ANAHEIM, Calif. — One of the clubhouse attendants handed Daniel Bard a sock full of six baseballs when he arrived at his locker after the game. They were game balls, but Bard had no idea if they were marked, when they were thrown, if he even was the one to throw them.
No matter. His first major league appearance was out of the way, something for which he had been anxious, even though he had been loath to admit that before the game. He was met by Mike Napoli, the same hitter who had already taken Tim Wakefield deep with a three-run homer that provided the winning margin for the Angels and turned the game around.
“We knew he’s a fastball hitter, but first guy I’m facing, I just kind of went with my strengths,” Bard said. “Kept it away. Lucky enough that he was up there hacking.”
Going through his mind, before facing Napoli were “too many things to list probably,” Bard said. “I don’t think I had more nerves than a normal outing, a minor league outing, but just kind of a lot going through your head. Things not even baseball related.”
Enough that, apparently, Bard didn’t even realize the difficulty of the situation he was facing. When he came in in the sixth inning, there were men on second and third with no outs.
“To be honest with you, I thought there was just a guy on second until the third pitch I threw,” Bard said “Then I looked over and saw [Torii] Hunter on third. I hope [John] Farrell doesn’t see this.”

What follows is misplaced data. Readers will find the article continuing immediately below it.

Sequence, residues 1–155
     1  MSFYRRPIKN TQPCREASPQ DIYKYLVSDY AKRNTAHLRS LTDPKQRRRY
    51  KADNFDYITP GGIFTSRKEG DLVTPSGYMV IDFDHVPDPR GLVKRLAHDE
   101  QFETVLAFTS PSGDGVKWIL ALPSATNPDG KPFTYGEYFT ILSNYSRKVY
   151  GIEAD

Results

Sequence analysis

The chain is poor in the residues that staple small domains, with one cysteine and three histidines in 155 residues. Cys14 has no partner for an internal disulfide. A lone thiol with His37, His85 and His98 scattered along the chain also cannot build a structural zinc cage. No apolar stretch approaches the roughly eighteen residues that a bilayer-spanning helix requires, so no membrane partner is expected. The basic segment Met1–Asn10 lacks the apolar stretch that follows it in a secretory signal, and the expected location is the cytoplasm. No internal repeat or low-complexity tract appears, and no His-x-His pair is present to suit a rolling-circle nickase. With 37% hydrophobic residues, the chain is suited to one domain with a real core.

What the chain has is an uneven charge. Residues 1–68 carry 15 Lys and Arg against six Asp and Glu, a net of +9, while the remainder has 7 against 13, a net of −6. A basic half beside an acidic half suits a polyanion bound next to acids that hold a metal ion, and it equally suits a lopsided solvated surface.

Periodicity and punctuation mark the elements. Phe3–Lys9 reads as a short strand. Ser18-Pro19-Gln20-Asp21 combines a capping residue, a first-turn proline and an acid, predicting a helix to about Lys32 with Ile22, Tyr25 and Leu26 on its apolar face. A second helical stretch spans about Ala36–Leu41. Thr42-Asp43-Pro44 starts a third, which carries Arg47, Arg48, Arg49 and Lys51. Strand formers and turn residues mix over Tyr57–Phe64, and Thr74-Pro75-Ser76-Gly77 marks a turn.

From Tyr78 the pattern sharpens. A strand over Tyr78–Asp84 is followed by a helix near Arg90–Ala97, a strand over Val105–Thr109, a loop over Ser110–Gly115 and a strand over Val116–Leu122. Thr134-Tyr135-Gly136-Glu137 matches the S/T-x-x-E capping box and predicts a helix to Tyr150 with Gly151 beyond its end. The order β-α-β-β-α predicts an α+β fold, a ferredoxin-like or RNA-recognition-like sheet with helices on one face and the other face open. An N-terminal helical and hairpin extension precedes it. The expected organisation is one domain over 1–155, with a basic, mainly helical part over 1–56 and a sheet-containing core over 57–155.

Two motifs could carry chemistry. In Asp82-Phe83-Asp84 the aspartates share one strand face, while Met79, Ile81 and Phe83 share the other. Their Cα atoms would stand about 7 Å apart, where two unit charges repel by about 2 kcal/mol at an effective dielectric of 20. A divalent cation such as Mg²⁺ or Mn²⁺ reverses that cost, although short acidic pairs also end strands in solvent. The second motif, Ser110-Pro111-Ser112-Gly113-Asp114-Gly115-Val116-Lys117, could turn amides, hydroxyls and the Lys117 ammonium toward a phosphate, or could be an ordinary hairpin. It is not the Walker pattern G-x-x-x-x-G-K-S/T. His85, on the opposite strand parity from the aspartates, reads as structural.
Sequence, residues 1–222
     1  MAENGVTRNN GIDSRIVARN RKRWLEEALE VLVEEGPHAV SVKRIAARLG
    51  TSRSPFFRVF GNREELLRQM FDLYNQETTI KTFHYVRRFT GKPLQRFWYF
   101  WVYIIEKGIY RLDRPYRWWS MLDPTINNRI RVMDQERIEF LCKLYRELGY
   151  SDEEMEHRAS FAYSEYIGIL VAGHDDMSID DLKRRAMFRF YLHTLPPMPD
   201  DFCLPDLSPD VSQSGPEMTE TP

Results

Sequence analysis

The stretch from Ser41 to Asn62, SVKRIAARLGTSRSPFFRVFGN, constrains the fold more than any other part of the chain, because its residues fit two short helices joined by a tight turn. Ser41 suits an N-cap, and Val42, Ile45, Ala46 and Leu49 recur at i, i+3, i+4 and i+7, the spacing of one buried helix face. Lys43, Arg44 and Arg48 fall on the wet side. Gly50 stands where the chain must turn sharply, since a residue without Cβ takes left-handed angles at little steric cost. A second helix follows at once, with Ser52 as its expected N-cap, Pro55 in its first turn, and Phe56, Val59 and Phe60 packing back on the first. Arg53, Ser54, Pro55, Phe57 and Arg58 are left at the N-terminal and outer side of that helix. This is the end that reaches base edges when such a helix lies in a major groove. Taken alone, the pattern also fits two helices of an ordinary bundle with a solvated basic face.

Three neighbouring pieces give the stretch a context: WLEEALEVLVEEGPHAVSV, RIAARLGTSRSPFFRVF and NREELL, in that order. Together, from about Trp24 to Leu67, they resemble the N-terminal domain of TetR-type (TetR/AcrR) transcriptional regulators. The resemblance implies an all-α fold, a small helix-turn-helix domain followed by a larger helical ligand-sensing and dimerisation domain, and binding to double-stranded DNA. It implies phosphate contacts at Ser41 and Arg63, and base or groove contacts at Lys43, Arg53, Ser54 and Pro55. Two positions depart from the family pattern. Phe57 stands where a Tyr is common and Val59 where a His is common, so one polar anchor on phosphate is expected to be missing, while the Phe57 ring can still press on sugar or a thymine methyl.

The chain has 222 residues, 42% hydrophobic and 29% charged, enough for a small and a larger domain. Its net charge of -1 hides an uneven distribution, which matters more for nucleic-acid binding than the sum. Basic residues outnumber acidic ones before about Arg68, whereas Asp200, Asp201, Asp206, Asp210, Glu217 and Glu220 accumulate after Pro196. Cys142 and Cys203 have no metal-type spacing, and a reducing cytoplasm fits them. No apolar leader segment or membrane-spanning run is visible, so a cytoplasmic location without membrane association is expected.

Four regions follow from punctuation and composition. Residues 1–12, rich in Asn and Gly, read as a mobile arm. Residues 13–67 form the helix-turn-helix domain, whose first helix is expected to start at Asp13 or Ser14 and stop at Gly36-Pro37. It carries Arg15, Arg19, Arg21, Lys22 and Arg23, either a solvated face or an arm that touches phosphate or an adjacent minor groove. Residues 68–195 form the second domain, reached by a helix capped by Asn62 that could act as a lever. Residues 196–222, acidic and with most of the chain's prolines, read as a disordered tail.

So while Bard got six outs in the game, allowing a sacrifice fly to Juan Rivera, a single to Chone Figgins, and a walk to Bobby Abreu, the at bat against Napoli was the most impressive.
“I was just kidding around with the guys,” Napoli said. “He kind of blew my doors off a little bit there. He’s got pretty easy cheese. He brings it up there pretty good, pretty firm. From what I saw, he has pretty good stuff.”
Napoli had prepared for a hitter that the charts said could hit 94 miles per hour to 98. On the final pitch to the catcher, Bard touched 97, his highest reading of the day. But that was on a radar gun that various members of the Sox have called slow.
“I think it might be,” Napoli said. “You don’t see too many people lighting up 97 on our gun. You know he’s throwing pretty hard.”
Told that Bard has thrown 100 miles per hour in the minors, Napoli said, “It looked that out here today.”
Adam Kilgore of the Globe staff contributed to this report.